Embodied Semantics (Your Brain on Novels)

Connecting the novel The Red and the Black with brain research and empathy.

What happens when we read a novel?  In one of my favorite novels, The Red and the Black, written by Stendhal and set in the 1800’s, the subject of reading and especially of reading novels is present throughout the book.

Julien Sorel, the protagonist, is in the service of a bourgeois family as a tutor for the children.  The father emphatically declares to his wife, “He [Julien] never reads novels. I’ve made sure of that.”  The popular belief was that reading novels would lead people astray into improper behavior.  The author describes one of the female characters as “genuinely virtuous…never looking to novels for examples on which to model her conduct.”

What were they onto back in the nineteenth century, attributing such power to reading novels? girl-reading1

As it turns out, they instinctively knew what brain researchers now are finding out.  Reading a novel changes the brain in a number of ways, and as the brain changes so changes the behavior.

Reports from several studies of the brain changes resulting from reading novels have been published in the past 10 years, with the latest one I know of coming out in January of this year from Emory University.  In general terms these studies are showing the following kinds of brain and behavior changes:

  • Reading fiction tends to make you more comfortable with ambiguity, an attitude that allows for more creativity thinking.
  • The brain changes associated with physical sensation and movement systems suggest that reading a novel can transport you into the body of the protagonist.  We already knew that good stories can put you in someone else’s shoes in a figurative sense. Now they are seeing that something may also be happening biologically.  This is called embodied semantics.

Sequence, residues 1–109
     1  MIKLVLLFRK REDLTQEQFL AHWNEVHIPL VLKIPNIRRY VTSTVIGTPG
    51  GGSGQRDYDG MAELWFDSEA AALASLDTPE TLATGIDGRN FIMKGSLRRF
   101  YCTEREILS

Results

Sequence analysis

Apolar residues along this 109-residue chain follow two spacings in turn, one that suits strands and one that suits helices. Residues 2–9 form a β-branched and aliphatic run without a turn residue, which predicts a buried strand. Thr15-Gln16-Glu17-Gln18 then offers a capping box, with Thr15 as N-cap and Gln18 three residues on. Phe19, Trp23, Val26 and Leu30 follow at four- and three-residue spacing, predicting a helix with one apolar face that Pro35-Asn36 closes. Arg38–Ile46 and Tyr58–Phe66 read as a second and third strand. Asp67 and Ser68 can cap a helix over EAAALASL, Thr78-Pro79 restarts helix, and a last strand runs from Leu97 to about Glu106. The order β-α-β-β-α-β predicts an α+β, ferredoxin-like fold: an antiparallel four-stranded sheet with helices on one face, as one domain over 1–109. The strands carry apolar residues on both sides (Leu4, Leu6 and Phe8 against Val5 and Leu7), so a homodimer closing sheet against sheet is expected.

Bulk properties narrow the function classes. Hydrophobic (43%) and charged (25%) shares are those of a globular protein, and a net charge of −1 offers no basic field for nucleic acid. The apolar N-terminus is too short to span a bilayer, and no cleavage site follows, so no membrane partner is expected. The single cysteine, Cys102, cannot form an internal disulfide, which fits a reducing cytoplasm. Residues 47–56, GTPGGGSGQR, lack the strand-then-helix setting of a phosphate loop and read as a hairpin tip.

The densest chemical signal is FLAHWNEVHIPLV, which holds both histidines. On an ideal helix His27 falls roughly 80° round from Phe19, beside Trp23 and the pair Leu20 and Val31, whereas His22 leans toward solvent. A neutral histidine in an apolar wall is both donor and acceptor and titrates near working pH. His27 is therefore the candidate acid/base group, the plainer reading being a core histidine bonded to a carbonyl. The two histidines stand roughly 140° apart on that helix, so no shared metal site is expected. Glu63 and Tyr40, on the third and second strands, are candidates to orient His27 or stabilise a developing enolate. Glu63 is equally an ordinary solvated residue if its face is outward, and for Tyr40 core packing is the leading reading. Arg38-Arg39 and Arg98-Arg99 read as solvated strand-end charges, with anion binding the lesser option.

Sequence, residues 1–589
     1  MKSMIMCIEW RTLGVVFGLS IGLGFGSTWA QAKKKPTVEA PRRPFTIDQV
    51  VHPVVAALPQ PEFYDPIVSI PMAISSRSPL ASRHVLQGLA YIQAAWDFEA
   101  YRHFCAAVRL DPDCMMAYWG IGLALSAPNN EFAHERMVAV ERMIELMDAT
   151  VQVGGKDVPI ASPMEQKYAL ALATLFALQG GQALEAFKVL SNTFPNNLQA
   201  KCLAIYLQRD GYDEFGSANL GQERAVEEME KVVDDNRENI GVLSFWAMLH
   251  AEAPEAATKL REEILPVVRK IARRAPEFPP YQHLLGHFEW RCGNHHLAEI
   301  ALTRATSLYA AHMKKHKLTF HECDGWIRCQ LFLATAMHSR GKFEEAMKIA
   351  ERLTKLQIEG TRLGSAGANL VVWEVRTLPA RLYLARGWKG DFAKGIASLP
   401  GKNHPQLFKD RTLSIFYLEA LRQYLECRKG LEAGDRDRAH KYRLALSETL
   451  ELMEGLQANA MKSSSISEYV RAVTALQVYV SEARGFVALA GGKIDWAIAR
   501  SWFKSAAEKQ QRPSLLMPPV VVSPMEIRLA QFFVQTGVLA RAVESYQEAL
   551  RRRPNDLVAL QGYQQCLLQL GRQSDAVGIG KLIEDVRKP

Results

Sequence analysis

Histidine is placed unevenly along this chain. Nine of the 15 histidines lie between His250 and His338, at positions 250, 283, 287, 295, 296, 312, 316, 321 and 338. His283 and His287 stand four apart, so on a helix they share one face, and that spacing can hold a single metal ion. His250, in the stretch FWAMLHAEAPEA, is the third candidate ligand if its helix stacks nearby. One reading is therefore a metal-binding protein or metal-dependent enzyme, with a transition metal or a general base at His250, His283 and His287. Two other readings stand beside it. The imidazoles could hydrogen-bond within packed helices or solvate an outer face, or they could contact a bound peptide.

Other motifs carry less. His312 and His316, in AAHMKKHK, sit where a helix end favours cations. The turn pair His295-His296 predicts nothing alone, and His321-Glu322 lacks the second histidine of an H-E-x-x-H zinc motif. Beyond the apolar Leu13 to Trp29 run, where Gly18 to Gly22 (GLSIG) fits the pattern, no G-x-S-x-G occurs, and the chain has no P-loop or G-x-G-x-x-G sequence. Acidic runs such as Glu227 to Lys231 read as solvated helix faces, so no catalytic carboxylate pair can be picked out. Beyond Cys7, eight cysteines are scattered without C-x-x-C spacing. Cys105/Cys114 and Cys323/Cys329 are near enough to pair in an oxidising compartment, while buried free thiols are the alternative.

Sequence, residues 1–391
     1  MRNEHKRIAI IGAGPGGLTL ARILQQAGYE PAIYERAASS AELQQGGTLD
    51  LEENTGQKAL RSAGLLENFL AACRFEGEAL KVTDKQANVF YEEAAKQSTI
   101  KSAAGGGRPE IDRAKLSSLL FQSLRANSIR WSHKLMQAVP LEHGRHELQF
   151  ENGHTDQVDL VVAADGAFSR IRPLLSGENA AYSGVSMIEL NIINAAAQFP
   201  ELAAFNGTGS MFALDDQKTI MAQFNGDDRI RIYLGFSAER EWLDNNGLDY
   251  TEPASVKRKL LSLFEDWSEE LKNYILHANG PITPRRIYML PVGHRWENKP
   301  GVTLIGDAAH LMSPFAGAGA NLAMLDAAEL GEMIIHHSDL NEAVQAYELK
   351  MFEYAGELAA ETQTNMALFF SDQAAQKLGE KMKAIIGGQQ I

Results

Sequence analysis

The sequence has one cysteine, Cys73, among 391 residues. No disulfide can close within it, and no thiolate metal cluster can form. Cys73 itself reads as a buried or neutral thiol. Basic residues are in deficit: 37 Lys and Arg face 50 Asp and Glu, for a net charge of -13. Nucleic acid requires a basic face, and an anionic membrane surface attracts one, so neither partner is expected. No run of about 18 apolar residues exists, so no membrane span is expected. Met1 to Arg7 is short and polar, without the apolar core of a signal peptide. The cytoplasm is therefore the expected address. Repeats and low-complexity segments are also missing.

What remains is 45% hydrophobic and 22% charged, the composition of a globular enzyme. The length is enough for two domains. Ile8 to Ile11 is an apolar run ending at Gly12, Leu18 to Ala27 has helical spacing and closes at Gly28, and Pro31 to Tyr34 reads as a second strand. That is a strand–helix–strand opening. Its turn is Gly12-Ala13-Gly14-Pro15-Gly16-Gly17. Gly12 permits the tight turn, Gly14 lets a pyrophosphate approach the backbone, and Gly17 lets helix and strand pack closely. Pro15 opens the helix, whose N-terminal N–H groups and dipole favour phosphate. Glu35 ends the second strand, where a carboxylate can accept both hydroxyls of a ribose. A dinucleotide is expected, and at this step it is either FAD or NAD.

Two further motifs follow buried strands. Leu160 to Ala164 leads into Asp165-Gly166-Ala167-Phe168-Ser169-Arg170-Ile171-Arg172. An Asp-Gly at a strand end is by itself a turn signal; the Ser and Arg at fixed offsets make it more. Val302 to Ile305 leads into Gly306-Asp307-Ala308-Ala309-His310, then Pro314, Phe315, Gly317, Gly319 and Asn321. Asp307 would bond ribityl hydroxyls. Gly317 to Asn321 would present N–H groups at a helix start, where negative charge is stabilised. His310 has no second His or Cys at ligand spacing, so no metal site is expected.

• Engagement with fictional narratives provides one with information about the social world, exposing us to worlds outside their own and increasing our empathy.
  • Avid readers of fiction were far more socially adept than avid readers of non-fiction.

In summary it sure sounds like good novels about life and human experience that we read and reflect upon can broaden our imagination and make us more sensitive and empathic.  It sure sounds like reading novels has the potential to make us better human beings than a whole lot of the self-help books out there and better in our workplaces than a whole lot of the business books out there.man reading

This idea really hits home to me when I think about the past twelve posts I’ve written.  All but two of them have in some way been about connecting fiction (novels and some films) to a deeper understanding of the human experience.

Reading The Red and the Black or The Lord of the Rings or A Tale of Two Cities or any quality classic or modern novel is going to help me to be empathic more than reading a self-help business book called How to Become More Empathic at Work could ever do.  And it will sure be a lot more fun.




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